In 2013, we launched a unique collaboration with the Cambridge Housing Authority (CHA) to provide four housing units each year for individuals and families transitioning from our shelter to independent living. At the end of a year of successful tenancy, clients are able to secure a permanent housing unit or mobile housing voucher from the Housing Authority.

Program Long-Term Success 

Our Community Support Program served over 200 victims last year in Cambridge (95% of whom are very low income, 25% are new immigrants who are not English proficient, 10% have a disability, and 8% are elderly).

To maximize our impact, we work with many community partners providing services that support and empower families to live safely, access community resources and sustainable employment that will set the stage for a future free from domestic violence.

Transition House works in close partnership with Cambridge’s city leaders to enhance broad scale community collaboration on violence prevention and intervention. Because of our advocacy, the City funded and launched the Cambridge Domestic and Gender Based Violence Prevention Initiative in 2014. The Initiative has improved community’s capacity to respond to and prevent domestic violence and dramatically extends the reach of Transition House’s work and aligns municipal resources in our common effort to eradicate domestic violence.

 
Program Success Monitored By 

Measuring the impact of traditional domestic violence interventions like shelter stays is a challenge. Clients live in shelters for a brief period and most move on with limited contact in the future. However, in Cambridge, because our programming will reach a wide spectrum of residents beyond those who are in immediate need of shelter, we have an important opportunity to gauge the short and long term impact of our work. Because we are partners with the Cambridge Domestic and Gender Based Violence Prevention Initiative, the Police Department, the Housing Authority, Public Health officials, the School Department, the local courts and our municipal leaders, we will have access to a wide range of data that we will coalesce into a meaningful measurement of our efforts to reduce domestic violence in our community. With the ability to measure the work of our innovative partnership, our goal is to become replicable in other cities and towns in the Commonwealth and across the nation.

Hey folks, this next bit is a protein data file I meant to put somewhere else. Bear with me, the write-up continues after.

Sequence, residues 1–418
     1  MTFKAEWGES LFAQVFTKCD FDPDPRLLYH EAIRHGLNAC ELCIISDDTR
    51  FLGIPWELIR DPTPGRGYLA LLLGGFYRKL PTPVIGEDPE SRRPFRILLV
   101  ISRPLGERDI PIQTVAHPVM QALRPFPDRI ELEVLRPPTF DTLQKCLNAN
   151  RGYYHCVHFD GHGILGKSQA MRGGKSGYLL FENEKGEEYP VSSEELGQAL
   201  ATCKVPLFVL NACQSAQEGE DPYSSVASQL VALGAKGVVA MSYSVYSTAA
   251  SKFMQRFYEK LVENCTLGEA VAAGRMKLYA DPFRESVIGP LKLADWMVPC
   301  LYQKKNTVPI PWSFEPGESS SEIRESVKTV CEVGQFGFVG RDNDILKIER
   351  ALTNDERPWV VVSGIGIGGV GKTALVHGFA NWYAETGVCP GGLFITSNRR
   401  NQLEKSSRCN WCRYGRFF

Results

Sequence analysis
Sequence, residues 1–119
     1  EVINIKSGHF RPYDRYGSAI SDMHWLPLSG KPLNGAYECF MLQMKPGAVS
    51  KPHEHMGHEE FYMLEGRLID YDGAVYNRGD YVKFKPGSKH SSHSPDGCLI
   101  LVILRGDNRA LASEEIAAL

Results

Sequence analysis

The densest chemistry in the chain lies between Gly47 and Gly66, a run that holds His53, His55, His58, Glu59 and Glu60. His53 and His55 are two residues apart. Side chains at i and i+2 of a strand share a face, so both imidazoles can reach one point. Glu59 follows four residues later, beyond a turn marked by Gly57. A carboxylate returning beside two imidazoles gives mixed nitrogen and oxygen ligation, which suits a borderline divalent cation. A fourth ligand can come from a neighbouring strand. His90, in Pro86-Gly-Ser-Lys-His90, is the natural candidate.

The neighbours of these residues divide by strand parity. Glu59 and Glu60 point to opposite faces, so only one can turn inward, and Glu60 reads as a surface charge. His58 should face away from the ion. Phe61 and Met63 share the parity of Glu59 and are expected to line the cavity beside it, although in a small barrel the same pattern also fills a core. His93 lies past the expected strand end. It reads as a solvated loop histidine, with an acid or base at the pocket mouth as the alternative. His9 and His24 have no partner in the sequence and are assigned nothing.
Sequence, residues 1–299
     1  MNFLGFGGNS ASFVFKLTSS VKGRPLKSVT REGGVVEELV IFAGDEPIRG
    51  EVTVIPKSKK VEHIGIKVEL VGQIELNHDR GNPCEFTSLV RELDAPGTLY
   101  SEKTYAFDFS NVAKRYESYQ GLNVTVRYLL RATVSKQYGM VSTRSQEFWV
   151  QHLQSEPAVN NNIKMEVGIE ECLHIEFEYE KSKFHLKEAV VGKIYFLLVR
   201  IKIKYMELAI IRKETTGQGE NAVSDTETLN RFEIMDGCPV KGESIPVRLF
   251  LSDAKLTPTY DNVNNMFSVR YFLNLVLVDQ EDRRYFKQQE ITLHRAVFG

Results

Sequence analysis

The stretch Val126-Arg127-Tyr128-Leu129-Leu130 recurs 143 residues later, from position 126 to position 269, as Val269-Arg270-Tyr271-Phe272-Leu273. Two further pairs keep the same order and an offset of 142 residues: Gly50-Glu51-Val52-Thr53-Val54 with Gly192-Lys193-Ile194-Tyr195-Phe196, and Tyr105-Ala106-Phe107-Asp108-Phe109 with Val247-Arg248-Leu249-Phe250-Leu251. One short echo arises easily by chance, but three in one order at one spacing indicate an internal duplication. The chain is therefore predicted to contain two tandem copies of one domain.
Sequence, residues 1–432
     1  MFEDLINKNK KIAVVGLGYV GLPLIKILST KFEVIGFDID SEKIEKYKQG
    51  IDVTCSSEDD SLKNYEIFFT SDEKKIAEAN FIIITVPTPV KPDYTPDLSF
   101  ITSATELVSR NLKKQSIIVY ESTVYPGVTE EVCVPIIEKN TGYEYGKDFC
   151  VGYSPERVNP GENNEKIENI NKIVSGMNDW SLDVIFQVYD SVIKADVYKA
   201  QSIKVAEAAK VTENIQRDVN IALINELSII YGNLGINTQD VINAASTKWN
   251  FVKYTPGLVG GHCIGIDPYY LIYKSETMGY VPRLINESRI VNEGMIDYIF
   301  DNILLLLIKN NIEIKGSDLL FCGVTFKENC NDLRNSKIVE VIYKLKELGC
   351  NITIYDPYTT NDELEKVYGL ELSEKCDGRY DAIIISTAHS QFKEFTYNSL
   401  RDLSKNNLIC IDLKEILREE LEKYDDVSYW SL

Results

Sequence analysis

Examples of Program Success 

Mia is a young mother with a very low income who lives in an apartment subsidized by the city of Cambridge. She was referred to our Community Support Program by the Cambridge Police Department after a domestic violence incident. Because of the domestic violence, Mia had to miss shifts at work and fell behind on her rent. Our advocacy team helped Mia set up a payment plan to avoid eviction and obtained financial assistance for Mia to cover most of her back rent. We also assisted her through the process of applying for an emergency housing voucher from the Cambridge Housing Authority under federal Violence Against Women Act guidelines. Her application was accepted and Mia was able to use her newly obtained voucher to stay in her current apartment permanently, preventing her and her children from becoming homeless. This is an example of how early intervention helps survivors remain safely housed in their community.


Housing

Transition House offers a unique continuum of housing resources: emergency shelter (3-6 months), transitional housing (18-24 months), and permanent supported housing (for victims of violence who also have a disability). We provide holistic support services for all residential clients to help address the many impacts of domestic violence. We provide residential services in diverse and culturally sensitive settings that support and empower families and individuals to live safely and access community resources, education, training and sustainable employment that will set the stage for a future free from domestic violence.
Budget  $1,090,000.00
Category  Human Services, General/Other Emergency Assistance
Population Served Victims Homeless Families